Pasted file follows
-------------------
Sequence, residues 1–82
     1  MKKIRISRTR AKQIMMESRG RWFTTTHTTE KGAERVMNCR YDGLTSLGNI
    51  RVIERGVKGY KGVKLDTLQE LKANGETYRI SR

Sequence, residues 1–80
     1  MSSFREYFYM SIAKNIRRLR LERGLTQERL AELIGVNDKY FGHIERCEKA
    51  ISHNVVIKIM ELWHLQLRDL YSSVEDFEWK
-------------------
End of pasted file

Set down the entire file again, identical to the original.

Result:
Sequence, residues 1–82
     1  MKKIRISRTR AKQIMMESRG RWFTTTHTTE KGAERVMNCR YDGLTSLGNI
    51  RVIERGVKGY KGVKLDTLQE LKANGETYRI SR

Sequence, residues 1–80
     1  MSSFREYFYM SIAKNIRRLR LERGLTQERL AELIGVNDKY FGHIERCEKA
    51  ISHNVVIKIM ELWHLQLRDL YSSVEDFEWK